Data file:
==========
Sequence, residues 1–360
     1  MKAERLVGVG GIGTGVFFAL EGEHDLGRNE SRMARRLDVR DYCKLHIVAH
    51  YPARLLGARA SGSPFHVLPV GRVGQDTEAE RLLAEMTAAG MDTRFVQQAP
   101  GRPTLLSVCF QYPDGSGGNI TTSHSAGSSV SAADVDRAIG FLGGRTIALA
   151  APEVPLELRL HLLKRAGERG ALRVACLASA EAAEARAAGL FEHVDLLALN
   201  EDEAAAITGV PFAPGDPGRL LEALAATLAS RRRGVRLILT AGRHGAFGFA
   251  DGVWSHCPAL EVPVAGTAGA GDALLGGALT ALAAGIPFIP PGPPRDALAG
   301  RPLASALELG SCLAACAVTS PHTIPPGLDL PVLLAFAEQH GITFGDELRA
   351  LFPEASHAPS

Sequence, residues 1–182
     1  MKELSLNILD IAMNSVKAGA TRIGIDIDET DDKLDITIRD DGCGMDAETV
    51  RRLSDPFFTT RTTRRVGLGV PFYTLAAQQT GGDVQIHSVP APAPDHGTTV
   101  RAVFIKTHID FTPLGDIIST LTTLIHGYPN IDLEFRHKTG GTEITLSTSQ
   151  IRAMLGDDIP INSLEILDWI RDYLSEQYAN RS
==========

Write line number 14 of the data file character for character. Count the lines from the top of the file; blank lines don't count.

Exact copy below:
   151  IRAMLGDDIP INSLEILDWI RDYLSEQYAN RS